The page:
5 By faith Enoch was taken from this life, so that he did not experience death: “He could not be found, because God had taken him away.” For before he was taken, he was commended as one who pleased God. 6 And without faith it is impossible to please God, because anyone who comes to him must believe that he exists and that he rewards those who earnestly seek him.
7 By faith Noah, when warned about things not yet seen, in holy fear built an ark to save his family. By his faith he condemned the world and became heir of the righteousness that is in keeping with faith....
[Cā'iaphăs] - a searcher or he that seeks with diligence. Joseph Caiaphas, the son-in-law of Annas, was high priest of the Jews for eighteen years (Matt. 26:3, 57).
The Man with Sadducaean Insolence
Dr. David Smith refers to this wicked man whom the Spirit of God used to declare divine purposes as, "a man of masterful temper, with his full share of the insolence which was a Sadducaean characteristic." The Sadducees were a sect among the Jews, so called from their founder Sadoc who lived about 260 years before Christ. Their principal tenets were:
I. There is no angel, spirit or resurrection; the soul finishes with the body (Matt. 22:23; Acts 23:8).
II. There is no fate or providence - all men enjoy the most ample freedom of action - absolute power to do good or evil.
III. There is no need to follow tradition. Scripture, particularly the first five books of the Bible, must be strictly adhered to. Caiaphas, as an ardent Sadducee, figures three times in the New Testament.
A. At the raising of Lazarus. After the miracle at Bethany, the rulers were alarmed at the popularity of Jesus which the resurrection of Lazarus brought Him, and convened a meeting of the Sanhedrin to decide what should be done with Jesus. Caiaphas presided and with a high hand forced a resolution that Jesus should be put to death (John 11:49, 53).
B. At the trial of Jesus. At a further meeting of the Sanhedrin when Jesus appeared before its members and was tried and condemned, Caiaphas again displayed his character by his open determination to find Jesus guilty. Since he was the high priest, his announcements were clothed with authority, but his shameless disregard of the forms of law to bring about the death of Jesus, revealed his warped conscience (Matt. 26:57; 58; John 18:24 ). Yet Caiaphas used language somewhat prophetic when he said that it was expedient for one man to die for the people, and Christ did die for Jew and Gentile alike. By His death He broke down the middle wall (Eph. 2:14-18).
C. At the trial of Peter and John. Caiaphas also took part in the examination of Peter and John when called in question over the marvels of the healing of the lame man. The manifestation of God's power was so evident that Annas and Caiaphas could do nothing about the apostles (Acts 4).
GOD’S ATTRIBUTES- HE IS CHANGELESS
Imagine our confusion if we thought that God is glorious (sometimes) or is Spirit (once in a while) or knows us (at least 75% of us, plus or minus 5%). No, whatever God is, he is consistently. God "does not change like shifting shadows" (James 1:17). Everything else in life changes. God will one day roll up the universe like a robe, "But you [God] remain the same, and your years will never end" (Hebrews 1:12).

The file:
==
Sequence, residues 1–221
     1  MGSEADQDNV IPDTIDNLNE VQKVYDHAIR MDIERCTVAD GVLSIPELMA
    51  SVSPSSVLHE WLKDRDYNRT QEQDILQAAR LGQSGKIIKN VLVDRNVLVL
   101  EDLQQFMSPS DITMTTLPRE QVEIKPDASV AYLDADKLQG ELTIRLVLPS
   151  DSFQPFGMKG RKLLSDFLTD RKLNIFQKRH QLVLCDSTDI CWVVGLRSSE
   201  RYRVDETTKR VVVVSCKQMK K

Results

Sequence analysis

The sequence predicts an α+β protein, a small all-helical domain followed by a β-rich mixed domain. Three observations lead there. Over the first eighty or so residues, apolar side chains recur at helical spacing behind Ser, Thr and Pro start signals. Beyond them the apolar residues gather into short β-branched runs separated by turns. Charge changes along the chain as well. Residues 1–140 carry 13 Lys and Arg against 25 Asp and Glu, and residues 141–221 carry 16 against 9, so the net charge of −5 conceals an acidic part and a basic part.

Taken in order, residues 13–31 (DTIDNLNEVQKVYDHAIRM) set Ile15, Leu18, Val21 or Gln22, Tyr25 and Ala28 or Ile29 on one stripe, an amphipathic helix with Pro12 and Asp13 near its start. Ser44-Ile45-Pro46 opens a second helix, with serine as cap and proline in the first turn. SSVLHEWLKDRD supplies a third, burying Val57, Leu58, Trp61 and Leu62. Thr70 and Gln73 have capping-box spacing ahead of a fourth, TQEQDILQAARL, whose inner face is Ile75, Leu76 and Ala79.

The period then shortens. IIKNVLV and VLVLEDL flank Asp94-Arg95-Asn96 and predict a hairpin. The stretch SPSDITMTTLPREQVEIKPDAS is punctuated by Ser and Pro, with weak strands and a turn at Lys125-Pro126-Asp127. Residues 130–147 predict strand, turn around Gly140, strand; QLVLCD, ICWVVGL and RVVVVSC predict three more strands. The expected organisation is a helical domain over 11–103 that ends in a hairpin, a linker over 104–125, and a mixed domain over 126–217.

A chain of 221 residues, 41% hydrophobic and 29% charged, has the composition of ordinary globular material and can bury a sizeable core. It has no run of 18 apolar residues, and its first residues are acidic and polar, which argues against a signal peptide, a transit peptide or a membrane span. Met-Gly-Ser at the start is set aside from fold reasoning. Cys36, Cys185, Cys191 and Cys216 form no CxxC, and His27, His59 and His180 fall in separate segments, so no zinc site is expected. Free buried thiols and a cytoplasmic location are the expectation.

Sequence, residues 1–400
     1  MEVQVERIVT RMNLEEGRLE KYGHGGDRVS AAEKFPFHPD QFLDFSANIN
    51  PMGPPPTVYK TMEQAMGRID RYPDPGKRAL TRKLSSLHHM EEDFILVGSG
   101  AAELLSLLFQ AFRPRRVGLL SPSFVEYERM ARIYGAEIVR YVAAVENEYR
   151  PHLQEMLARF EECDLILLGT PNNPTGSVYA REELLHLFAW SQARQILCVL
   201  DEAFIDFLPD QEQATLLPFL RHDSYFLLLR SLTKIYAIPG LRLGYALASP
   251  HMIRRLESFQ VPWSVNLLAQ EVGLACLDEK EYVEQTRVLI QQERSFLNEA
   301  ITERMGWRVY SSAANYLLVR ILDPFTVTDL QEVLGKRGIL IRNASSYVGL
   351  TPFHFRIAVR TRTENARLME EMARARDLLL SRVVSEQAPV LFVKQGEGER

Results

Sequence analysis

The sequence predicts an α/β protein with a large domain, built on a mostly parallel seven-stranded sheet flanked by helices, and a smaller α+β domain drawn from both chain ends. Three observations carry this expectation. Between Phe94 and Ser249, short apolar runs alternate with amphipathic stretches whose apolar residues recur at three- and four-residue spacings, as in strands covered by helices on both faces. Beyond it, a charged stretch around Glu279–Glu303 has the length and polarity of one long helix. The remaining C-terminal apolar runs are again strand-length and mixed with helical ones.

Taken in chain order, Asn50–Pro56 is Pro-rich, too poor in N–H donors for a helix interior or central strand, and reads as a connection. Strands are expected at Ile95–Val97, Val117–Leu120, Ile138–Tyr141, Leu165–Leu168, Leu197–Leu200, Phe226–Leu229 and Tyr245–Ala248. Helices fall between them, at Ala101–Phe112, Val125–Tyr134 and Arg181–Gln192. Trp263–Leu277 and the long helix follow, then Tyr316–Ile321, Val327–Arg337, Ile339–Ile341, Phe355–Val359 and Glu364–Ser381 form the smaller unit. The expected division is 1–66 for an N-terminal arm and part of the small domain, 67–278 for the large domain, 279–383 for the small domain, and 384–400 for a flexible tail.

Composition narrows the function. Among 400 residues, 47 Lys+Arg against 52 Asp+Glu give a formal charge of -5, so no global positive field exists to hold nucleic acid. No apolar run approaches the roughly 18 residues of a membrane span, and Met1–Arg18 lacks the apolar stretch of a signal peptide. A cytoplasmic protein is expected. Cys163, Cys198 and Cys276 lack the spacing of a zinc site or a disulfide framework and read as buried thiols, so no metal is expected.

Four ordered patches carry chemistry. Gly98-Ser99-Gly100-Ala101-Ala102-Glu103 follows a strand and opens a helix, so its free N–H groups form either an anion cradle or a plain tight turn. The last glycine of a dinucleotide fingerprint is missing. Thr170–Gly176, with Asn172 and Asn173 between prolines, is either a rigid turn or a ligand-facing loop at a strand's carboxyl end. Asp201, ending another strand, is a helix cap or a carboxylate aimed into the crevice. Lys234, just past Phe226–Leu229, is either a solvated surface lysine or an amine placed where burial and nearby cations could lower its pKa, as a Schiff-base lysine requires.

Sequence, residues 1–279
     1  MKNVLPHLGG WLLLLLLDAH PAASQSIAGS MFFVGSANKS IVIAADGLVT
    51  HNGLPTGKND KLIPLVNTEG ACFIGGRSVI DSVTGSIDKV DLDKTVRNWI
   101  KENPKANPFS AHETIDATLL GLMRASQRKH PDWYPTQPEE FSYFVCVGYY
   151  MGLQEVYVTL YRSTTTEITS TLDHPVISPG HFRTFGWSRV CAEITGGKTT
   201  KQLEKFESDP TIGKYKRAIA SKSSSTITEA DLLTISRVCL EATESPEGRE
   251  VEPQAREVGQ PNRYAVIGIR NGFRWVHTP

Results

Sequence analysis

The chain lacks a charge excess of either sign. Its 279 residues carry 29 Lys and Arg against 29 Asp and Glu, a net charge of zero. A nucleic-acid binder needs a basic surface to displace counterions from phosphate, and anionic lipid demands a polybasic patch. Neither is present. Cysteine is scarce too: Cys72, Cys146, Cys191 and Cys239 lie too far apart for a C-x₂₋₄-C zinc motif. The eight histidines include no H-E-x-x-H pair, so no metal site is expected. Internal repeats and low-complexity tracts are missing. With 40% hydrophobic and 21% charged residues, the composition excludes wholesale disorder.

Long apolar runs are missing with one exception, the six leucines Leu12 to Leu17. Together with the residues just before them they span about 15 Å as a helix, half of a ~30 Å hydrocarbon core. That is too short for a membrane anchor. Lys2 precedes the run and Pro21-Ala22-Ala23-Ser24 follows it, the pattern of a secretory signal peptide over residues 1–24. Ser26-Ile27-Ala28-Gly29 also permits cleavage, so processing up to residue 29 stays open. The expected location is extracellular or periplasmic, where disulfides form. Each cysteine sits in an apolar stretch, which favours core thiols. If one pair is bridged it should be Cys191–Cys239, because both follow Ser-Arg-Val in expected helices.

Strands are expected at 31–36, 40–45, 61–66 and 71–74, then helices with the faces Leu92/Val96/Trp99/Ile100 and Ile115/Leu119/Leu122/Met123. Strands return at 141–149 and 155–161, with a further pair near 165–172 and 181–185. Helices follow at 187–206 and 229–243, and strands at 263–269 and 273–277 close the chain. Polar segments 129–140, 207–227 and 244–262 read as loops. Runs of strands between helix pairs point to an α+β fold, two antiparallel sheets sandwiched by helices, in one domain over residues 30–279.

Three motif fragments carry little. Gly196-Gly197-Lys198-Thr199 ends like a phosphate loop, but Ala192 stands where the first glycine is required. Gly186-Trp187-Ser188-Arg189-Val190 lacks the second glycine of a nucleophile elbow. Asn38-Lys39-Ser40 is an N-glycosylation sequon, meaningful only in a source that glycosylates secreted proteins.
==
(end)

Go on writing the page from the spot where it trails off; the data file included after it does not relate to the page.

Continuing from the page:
What a parent hopes to be-consistent, even-handed, fair, reliable, steady-God is. He always is. He is the only father who is never arbitrary, never capricious, never moody. What was true about God 4,000 years ago when he called Abram is still true of him today. And so what is true about him today will be true for your great-grandchildren and for all eternity.
God is great. This is the song sung by the universe. It is the proper interpretation of every heartbeat, every breath, and every step of our lives.
This is what Mary, the mother of Jesus, meant when she said "My soul magnifies the Lord" (Luke 1:46). The news of God's act of supreme greatness, bringing a rescuer into the world, inspired her to praise and adoration. But Mary "magnified" the Lord, not in the sense that she made him bigger, but because her soul was enlarged by the greatness she was just beginning to comprehend.
No telescope ever made a celestial body larger, but by gaining a larger vision, a magnified vision, the beholder is changed by the greatness beheld.
Greatness is our best hope, when we feel like our lives are just so many pieces, to know that there is a way to pull it all together. We are pulled together and held together by the greater purpose of a greater being. So when we wonder where we fit in, or how we can go on after losing somebody important, or whether we can do any good in our lives, the answer comes from the throne of the God of greatness. His invisible hand moves us more powerfully and carefully than any other influence in our lives. He is not puzzled by the puzzling pieces of life.
God, enlarge me. I don't ask you to make me bigger or more important, but I know that if I get a fuller experience of your greatness, that my heart and my mind will be greater for it. But most of all, help me to be exuberant in setting a course of life to know your greatness, and to speak of your greatness whenever I have the opportunity.
Excerpt from Putting the Pieces Back Together: How Real Life and Real Faith Connect. Click for more.